With these considerations in mind, it is therefore no coincidence that metal seems to take root and develop, as Jeremy Wallach and other researchers have theorised, especially in unexoticised contexts of deindustrialisation, on the outskirts of urban centres and especially among the working classes. Even if one does not participate directly in the class discourse because, perhaps, is still too young to work, the relationship with the capitalist expansion of the urban industrial fabric nevertheless affects the economic and social conditions of those who live in those areas, causing in a feedback loop the conditions that favour the reception and development of the metal subculture’s contents: the experience and conjecture of a marginalising and rotten industrial system. A modernity that is visible but from which one is irretrievably excluded.

By the 1980s, metal had become a fiercely globalised international community, thanks also to the commercial expansion of its sub-genres more akin to the decline of western civilization, such as hair metal. Clothing and aesthetic elements were completely codified and every metalhead, however on the outskirts of the empire, becoming one through his first records and T-shirts, began to participate in a transnational discourse of recognition based on each person’s subcultural capital: from knowledge of the genre to the type of participation and ability to support and expand the scene. Even where geographic origin, e.g. the historical and European metal markets, and age act as hierarchical principles of authority, the right to participate and discuss what is metal and what is not, what is more or less extreme, brutal, fast, aggressive and devastating now belongs to all fans and is increasingly based on geographically delocalised knowledge.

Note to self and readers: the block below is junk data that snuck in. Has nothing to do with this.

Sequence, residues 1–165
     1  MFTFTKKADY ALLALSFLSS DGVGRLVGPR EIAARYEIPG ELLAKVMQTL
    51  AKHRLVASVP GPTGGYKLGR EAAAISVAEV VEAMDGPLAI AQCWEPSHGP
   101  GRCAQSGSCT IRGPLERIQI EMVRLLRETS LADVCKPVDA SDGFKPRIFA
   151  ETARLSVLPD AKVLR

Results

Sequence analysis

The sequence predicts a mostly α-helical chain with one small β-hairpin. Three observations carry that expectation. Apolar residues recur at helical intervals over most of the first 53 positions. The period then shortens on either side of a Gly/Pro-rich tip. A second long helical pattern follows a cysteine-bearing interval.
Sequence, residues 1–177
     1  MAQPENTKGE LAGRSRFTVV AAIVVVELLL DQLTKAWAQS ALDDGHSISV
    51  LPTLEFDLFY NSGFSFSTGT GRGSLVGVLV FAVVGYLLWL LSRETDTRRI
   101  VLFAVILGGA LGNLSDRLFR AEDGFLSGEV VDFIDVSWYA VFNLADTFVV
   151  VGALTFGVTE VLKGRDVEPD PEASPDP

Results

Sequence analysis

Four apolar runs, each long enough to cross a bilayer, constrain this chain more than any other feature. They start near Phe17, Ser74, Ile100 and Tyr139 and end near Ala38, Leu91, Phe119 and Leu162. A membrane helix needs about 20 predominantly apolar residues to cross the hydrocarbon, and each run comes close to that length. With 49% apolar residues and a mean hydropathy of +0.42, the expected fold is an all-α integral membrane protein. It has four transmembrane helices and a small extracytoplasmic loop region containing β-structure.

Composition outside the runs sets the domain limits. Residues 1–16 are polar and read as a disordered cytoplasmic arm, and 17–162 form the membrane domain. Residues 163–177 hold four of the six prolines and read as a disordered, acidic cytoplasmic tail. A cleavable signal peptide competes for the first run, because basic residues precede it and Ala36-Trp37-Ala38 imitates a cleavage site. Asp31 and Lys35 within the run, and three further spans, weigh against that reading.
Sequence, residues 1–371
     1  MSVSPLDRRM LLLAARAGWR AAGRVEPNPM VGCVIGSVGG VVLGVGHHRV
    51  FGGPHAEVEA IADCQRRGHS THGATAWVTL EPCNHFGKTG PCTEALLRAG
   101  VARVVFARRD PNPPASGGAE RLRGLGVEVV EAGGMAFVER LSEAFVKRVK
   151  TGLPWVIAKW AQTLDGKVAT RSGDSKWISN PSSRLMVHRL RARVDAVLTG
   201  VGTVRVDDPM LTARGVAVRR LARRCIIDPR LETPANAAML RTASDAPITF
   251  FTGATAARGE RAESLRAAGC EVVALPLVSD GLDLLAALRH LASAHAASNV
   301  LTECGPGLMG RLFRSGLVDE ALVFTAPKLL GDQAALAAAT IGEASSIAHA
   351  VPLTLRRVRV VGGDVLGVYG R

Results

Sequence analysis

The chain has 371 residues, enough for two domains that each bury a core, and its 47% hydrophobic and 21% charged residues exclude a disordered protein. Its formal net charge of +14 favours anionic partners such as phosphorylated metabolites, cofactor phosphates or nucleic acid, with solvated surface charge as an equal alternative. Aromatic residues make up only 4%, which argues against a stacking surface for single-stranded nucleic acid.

Hence, the scene almost immediately comes to coincide with the development and circulation of a metacultural discourse focused on the genre itself rather than with its spatial distribution. Indeed, metal’s growth is certainly harnessed by the production of new music, but as Masciandaro and Wallach point out, the commentaries of fans and followers, „talking about metal“, becomes part of an open and unfinished process of classification and canonisation. In this sense, the production of new music and its discussion in relation to earlier foundational works are two sides of the same coin in which the practice of metal, verbal, visual or musical lives in a debate on how to evolve to become more and more itself.